Angaleena Presley: Wrangled (2017) – Album Review

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Angaleena Presley wants to be ‘Elvis but with lipstick and boobs’, and not just because of the shared surname. Her great desire’s to be a ‘straight-shootin’, highfalutin’ rider on the hit brigade’ much like the King in his prime. But so far commercial success hasn’t been forthcoming, and unlike, say, Kurt Cobain, this outlier status on the charts doesn’t please her. In fact she feels like she’s been Wrangled.

‘I don’t know that anyone wakes up and sets out to be an underdog – you just kind of are,’ she explained to Rolling Stone in an interview. Here in Britain we love a good underdog, which might explain why I’m so moved by this album – I know that Angaleena deserves the mainstream acceptance she craves, and so I’m deeply affected by ‘Groundswell’ for instance, which has her performing in Georgia one rainy night and praying that the t-shirts and records will sell. It’s a keen reminder of just how hard it is to make a living from music these days, at least when you’re not attaining U2 or Ed Sheeran levels of sales. Which must be frustrating when you’re far more gifted than either of them.

And she is! That voice is supple; it bends around the ballads without ever descending into mawkishness, and it unloads bucketloads of humour and quiet sass onto the up-tempo moments. As track after track hits home, the consistency displayed on her (highly recommended) debut American Middle Class is duplicated, showing it not to be a fluke. Her grasp of melody and country music’s extremely satisfying, radically simple mixture of ‘three chords and the truth’ – which goes straight under the inflated heads of the snobs over at Pitchfork, who barely ever review country albums – places her at or near the top of a strong pack of female artists working in Nashville today (Miranda Lambert, Ashley Monroe, Sunny Sweeney, Lori McKenna, Margo Price… the list of sharp, mega-talented gals goes on, all of them putting the chart-busting bros to shame).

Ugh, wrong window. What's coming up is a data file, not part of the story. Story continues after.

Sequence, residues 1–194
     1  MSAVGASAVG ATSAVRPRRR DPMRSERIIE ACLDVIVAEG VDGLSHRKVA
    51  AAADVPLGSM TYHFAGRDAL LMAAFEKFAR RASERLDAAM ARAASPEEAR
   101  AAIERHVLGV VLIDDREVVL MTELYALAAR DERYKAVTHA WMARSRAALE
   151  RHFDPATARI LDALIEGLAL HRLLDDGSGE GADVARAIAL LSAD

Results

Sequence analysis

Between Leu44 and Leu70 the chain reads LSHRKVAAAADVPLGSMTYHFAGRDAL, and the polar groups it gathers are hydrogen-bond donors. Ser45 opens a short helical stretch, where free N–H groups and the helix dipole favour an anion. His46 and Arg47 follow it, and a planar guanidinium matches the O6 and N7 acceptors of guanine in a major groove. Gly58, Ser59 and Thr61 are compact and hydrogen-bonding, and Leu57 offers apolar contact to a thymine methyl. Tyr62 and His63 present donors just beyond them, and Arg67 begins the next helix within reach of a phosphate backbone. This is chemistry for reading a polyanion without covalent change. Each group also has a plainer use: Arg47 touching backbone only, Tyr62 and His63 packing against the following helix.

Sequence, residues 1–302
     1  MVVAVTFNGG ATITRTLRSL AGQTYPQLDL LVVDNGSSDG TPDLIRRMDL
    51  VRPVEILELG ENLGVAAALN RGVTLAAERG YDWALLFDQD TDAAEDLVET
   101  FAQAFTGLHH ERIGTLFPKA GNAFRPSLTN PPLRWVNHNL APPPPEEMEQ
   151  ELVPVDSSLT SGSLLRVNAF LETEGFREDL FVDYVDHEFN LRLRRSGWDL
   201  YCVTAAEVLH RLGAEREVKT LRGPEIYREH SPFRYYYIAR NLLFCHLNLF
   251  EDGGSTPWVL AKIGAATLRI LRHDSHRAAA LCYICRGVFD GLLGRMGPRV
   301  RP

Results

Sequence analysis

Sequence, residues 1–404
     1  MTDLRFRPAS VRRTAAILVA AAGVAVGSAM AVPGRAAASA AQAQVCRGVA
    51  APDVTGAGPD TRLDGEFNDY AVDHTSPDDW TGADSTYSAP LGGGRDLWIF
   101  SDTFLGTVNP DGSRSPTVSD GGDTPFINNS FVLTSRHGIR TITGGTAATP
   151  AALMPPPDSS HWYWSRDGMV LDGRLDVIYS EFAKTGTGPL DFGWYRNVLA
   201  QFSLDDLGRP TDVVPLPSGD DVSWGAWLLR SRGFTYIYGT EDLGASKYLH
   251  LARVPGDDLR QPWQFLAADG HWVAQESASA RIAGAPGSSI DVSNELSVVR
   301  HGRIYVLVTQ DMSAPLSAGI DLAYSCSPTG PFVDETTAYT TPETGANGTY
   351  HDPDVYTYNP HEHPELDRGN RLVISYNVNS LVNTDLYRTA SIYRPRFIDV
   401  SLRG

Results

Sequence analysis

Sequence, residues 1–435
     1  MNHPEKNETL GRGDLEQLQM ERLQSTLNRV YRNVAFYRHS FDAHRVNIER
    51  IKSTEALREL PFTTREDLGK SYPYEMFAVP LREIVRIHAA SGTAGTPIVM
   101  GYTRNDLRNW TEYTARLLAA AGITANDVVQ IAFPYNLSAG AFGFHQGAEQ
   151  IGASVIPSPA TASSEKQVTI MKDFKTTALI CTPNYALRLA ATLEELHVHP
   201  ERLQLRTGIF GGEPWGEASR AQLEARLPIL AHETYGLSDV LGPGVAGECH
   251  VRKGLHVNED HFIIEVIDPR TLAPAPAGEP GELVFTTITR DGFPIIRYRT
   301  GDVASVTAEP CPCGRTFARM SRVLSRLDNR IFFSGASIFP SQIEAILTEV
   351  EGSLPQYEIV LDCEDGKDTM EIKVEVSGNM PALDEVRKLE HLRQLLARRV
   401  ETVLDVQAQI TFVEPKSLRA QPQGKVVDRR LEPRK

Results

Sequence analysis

She’s also strong on lyrics, another reason to cherish this album. Presley and her team of co-writers come up with surprise after surprise. On the title track she acknowledges that the ‘Bible says a woman oughta know her place’, before turning that implied sexism on its head by revealing that ‘mine’s out here in the middle of all of this wide open space’. Reminds me of the breaking free onto the US plains of Thelma & Louise, and it has the same feminist connotations. Meanwhile on the chorus of the comic highlight ‘Bless My Heart’ she tells a particularly irksome Southern belle ‘you’re a beauty mark on the human race’, before following it up with ‘and if you bless my heart I’ll slap your face.’ And in the most shocking twist of all, the promise that ‘Only Blood’ can set you free, which at first means the bloodline of family, suddenly takes on a darker meaning as a wife greets the homecoming of her piece of shit of a husband with a pistol. You never know when Presley will pull the rug out from underneath someone, stamping on their head and your expectations.

As you can probably tell from these examples, Angaleena might be shackled and wrangled by various obnoxious characters, particularly men, and she might be disappointed by her relative lack of success, but she’s not defeated. Never. The arc of the album goes from a pained admission that ‘Dreams Don’t Come True’ to an encouragement later on from Guy Clark to ‘Cheer Up Little Darling’ (in the last writing credit of his life), to a final insistence that you can never keep a ‘Good Girl Down’, no matter what bullshit they might face together as a gender. And as the album moves towards its happy ending of sorts, it picks up momentum: the final two tracks rock the hardest of the bunch, and indeed harder than any other sequence of music I’ve heard so far this year. Yeehaw!